Child labor in west africa – initiative supply chain act

Chocolate manufacturers worldwide shamelessly benefit from child labor.

Around two million children work under exploitative conditions on the cocoa plantations in West Africa, where the most important ingredient for chocolate is grown. They have to do heavy physical work and are not protected from pesticides. Chocolate manufacturers such as Ferrero, Nestlé, Mars and Mondelez, which have a branch in Germany and sell their confectionery, benefit from the exploitation of children.

Cocoa is the main ingredient in chocolate. Around 70 percent of the global cocoa harvest comes from West Africa, the two most important growing countries are Côte dʼIvoire and Ghana. There, around two million children work under exploitative conditions on cocoa plantations, which according to conventions 138 and 182 of the international Organization of work (ILO) is prohibited. The children have to carry cocoa sacks that are much too heavy, work with dangerous tools such as machetes, which leads to repeated injuries, or spray toxic pesticides without protective clothing. Many children cannot go to school because of work. Around 16,000 children in the cocoa sector are also affected by forced labor. There are always reports that children from neighboring Mali and Burkina Faso are sold to Côte dʼIvoire and forced to work on cocoa plantations there.

Germany is one of the world’s most important chocolate markets. Around ten percent of the world’s cocoa harvest is processed into confectionery in Germany. So far, none of the large chocolate manufacturers who buy cocoa from West Africa and have a branch in Germany can rule out the fact that their products involve child labor. These include, for example, Ferrero, Nestlé, Mars, Mondelez and Storck.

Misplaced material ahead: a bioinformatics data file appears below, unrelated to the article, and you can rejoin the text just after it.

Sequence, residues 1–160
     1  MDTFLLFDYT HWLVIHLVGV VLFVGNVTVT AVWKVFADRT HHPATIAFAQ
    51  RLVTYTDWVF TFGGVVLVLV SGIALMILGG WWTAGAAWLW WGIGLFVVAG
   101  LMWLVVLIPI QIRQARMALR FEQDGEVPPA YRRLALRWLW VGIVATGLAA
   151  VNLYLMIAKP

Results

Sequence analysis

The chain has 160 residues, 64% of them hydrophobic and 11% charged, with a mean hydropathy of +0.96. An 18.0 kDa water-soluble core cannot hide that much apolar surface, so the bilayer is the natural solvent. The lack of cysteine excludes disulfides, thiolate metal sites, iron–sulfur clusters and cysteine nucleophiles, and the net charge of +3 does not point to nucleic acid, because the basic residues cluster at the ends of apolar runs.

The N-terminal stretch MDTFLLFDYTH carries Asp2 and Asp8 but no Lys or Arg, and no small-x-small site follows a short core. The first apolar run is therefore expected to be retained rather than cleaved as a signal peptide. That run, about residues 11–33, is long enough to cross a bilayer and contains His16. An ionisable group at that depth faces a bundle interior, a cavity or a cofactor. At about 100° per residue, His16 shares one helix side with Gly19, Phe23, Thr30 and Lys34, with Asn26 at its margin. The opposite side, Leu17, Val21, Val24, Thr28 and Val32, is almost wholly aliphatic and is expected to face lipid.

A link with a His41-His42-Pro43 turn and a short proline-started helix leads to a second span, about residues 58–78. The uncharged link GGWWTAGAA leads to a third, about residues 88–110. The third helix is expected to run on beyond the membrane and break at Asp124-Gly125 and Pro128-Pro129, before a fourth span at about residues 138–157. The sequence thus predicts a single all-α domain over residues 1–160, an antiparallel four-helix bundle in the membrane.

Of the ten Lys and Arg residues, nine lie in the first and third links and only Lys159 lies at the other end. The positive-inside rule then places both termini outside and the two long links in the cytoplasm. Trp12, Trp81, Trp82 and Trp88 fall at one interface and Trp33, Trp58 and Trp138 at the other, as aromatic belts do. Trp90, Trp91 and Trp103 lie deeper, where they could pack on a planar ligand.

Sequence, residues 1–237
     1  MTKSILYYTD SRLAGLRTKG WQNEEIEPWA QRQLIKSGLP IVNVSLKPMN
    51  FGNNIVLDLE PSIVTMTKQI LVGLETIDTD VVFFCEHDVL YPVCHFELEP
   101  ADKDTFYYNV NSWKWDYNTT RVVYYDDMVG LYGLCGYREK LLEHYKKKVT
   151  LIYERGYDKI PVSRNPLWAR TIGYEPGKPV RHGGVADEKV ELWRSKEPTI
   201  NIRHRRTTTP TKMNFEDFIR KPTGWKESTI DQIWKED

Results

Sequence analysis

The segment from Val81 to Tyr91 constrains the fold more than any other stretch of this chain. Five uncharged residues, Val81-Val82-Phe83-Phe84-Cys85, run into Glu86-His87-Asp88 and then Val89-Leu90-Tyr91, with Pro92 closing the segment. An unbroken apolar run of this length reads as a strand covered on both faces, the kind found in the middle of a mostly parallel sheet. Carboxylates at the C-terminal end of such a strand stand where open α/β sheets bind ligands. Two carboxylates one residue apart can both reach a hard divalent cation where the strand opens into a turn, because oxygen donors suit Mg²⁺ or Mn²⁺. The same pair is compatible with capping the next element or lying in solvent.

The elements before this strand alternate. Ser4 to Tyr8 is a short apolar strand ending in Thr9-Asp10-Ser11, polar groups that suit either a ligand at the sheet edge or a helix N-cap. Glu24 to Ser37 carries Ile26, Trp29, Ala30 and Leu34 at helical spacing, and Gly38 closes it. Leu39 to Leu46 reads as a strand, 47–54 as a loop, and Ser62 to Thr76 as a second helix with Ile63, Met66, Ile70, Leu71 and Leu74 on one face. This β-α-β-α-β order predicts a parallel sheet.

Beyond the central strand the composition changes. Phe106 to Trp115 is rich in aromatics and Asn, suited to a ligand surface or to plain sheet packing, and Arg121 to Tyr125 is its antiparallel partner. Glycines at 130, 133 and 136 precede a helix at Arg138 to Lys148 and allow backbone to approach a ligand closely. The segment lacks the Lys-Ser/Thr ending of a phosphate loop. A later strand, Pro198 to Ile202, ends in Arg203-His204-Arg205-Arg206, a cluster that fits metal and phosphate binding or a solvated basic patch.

The problem of child labor in the cocoa sector has been known for many years. As early as 2001, companies in the cocoa and chocolate industry signed a voluntary commitment, known as the “Harkin-Engel Protocol”. In it, they promised to “end the worst forms of child labor by 2005”. Chocolate manufacturers in the USA prevented an import ban for chocolate from countries with widespread child labor. However, the originally agreed target was revised several times in the following years. Chocolate manufacturers are currently only aiming to reduce child labor by 70 percent by 2020. But they will probably miss even that.

The chocolate manufacturers are increasingly involved in monitoring and correction systems against child labor. Such systems, however, only reach a small number of plantation operators. Moreover they are a lot of Company too expensive.

A supply chain law in Germany would increase the pressure on German chocolate manufacturers or companies based in Germany to take action against exploitative child labor. Companies would be required to analyze child labor risks in their supply chains, take countermeasures and report on their effectiveness. They would have to show that they are doing everything to prevent child labor. Otherwise, they would run the risk of being held responsible for damage incurred and having to pay compensation.


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Christina Cherry
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